Did you have a go at drawing any of those concurrent lines or collinear points? Either with instruments, or with software (e.g. Geogebra). If the constructions always ‘work’ are the proofs necessary? What do they do for us? One difference with the software is being able to move the vertices of the triangle and ‘check’ the concurrency – like doing many experiments of drawing, or is it?
Could there be mistakes in the proofs? (I mean the intended proofs – not just any of ‘my’ mistakes!) Related to the question about ‘accuracy’ of Geogebra, it seems to me the software ‘knows’ more than expected. I could not fool it by drawing a third perpendicular bisector into making them truly ‘concurrent’ – only when it was using its own version of perpendicular bisector would it make the intersection one point (rather than three).
The last session (Episode 3) was all about triangles. Detailed proofs of most of the results were omitted in the talk because there was not time. I have, at last, posted all the proofs on the webpage for Episode 3 – you will see why we omitted them – they are a bit long! I’ll be more than happy to explain further if you have any (even the simplest!) questions (or corrections/omissions). But they are only 2 pages long (each one).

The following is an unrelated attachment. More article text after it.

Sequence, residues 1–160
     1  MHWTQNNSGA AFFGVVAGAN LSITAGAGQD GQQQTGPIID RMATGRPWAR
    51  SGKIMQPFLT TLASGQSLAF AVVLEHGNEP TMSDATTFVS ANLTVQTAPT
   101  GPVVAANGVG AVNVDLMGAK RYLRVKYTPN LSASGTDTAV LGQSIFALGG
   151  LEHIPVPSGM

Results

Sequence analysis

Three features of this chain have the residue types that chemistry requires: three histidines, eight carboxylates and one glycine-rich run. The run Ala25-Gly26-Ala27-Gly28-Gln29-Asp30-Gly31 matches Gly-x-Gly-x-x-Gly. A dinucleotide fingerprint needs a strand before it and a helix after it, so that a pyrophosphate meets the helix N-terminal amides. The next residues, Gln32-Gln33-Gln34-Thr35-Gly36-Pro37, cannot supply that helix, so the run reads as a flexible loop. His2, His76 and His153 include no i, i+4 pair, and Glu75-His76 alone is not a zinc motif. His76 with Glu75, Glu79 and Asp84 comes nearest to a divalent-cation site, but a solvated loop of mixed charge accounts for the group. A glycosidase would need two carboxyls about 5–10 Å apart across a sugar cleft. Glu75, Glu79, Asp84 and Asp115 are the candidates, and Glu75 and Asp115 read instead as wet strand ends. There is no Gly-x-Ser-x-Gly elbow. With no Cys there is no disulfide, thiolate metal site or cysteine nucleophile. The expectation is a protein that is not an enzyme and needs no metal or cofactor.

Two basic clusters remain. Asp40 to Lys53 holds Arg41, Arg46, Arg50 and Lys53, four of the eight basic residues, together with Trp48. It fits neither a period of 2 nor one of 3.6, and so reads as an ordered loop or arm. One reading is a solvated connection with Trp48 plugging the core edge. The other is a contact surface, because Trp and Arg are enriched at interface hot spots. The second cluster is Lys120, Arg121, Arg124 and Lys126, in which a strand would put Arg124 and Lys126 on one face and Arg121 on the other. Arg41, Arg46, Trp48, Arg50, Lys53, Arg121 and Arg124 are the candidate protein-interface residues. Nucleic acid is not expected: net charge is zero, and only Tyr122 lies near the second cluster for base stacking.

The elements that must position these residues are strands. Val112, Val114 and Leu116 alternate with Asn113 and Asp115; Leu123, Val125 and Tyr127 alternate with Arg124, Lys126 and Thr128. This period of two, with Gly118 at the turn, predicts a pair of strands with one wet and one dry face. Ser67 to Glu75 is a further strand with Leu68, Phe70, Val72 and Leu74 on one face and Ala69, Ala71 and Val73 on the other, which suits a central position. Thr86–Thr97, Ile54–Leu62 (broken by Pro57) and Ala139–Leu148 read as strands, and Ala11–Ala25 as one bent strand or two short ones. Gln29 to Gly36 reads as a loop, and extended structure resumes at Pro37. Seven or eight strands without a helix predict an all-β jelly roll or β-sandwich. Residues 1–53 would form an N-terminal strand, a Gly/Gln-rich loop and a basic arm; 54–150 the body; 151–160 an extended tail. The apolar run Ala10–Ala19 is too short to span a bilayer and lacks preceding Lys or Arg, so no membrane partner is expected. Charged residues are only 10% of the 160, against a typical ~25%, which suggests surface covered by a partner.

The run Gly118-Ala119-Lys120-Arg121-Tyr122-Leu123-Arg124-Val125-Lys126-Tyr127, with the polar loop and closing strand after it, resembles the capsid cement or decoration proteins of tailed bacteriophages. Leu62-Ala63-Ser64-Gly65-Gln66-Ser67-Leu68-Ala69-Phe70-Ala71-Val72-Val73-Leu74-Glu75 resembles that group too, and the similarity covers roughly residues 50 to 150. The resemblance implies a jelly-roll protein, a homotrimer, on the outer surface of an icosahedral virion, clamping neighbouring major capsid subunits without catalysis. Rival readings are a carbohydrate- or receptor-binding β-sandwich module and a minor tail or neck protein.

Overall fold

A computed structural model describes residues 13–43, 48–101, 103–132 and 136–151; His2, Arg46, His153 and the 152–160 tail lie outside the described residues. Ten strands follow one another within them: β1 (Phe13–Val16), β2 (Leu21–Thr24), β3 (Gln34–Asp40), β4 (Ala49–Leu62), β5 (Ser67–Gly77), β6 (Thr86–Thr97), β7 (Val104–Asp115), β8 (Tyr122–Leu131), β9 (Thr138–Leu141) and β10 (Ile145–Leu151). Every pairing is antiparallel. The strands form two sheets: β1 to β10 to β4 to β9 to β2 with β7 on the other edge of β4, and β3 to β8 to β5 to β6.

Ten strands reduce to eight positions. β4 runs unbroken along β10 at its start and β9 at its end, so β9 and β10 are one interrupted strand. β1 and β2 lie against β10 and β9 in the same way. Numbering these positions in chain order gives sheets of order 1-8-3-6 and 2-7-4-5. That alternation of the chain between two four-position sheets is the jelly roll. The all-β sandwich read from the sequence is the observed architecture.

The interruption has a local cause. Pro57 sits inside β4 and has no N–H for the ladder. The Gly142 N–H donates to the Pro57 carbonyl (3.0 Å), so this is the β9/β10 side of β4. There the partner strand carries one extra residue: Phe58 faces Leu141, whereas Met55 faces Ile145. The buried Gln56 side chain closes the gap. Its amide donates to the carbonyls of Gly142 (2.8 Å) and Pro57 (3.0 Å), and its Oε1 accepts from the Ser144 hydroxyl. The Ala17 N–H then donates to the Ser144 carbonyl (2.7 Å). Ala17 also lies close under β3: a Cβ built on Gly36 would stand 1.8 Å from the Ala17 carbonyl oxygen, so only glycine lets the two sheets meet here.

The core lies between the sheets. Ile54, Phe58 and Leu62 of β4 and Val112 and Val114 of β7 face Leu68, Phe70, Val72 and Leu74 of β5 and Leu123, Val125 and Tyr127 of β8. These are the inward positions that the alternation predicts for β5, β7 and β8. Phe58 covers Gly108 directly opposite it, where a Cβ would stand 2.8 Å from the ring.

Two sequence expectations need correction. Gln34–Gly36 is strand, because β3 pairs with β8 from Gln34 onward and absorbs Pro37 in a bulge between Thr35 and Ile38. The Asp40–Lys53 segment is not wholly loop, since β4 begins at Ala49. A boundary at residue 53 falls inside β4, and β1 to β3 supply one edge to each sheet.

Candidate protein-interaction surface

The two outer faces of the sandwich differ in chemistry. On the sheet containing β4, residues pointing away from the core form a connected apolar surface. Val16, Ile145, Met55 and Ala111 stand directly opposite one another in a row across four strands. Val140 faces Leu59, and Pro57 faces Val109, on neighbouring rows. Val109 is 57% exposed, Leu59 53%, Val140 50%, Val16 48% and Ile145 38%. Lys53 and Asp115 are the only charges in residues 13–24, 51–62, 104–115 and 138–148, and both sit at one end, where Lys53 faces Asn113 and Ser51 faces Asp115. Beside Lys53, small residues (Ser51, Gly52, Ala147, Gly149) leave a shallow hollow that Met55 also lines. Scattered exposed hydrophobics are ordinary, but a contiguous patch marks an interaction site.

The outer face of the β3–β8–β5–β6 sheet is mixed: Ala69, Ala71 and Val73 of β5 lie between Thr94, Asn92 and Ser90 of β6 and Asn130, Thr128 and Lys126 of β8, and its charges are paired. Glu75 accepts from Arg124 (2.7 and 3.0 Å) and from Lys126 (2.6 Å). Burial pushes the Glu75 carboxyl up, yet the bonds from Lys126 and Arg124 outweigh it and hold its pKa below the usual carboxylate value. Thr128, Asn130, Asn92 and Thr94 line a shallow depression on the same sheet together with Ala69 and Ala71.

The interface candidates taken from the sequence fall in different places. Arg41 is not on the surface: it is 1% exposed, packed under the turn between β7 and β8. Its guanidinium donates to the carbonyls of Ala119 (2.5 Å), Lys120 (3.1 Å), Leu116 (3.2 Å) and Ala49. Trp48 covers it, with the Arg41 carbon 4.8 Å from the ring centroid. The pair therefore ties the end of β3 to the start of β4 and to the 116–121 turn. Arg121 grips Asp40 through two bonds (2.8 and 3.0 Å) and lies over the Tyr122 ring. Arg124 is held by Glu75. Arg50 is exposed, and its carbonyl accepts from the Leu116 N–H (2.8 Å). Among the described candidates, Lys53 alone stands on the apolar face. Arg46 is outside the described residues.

It’s hard to know quite how surprised we should be about lines being concurrent, and points being collinear, in the study of triangles (and in many other contexts). But when we do get a surprise it’s natural to ask ‘Can we prove it?’, meaning, ‘Can we prove this will always happen in any triangle?’. If it’s a while since you’ve looked at any proofs, I recommend the ‘Centroid’ one – go straight to the Theorem (page 2) and look back at the Lemmas if you need or wish. It involves two examples of reasoning about a pair of similar triangles, so it is a mixture of concepts and logic – good preparation for thinking about proofs in the next episode.
A central feature of mathematics is proof. This is not so much apparent at school – where learning a variety of concepts and techniques, problem solving, and getting answers (right or wrong!) and qualifications are rightly the main emphasis. But in study beyond school, proofs, and methods for construction and evaluation of proofs, are as characteristic of mathematics as experiments are in the natural sciences. We’ll survey a range of examples of proofs (good and bad) – both historical and modern, including proofs generated (or checked) by computer.
This next episode is on Tuesday 25th February.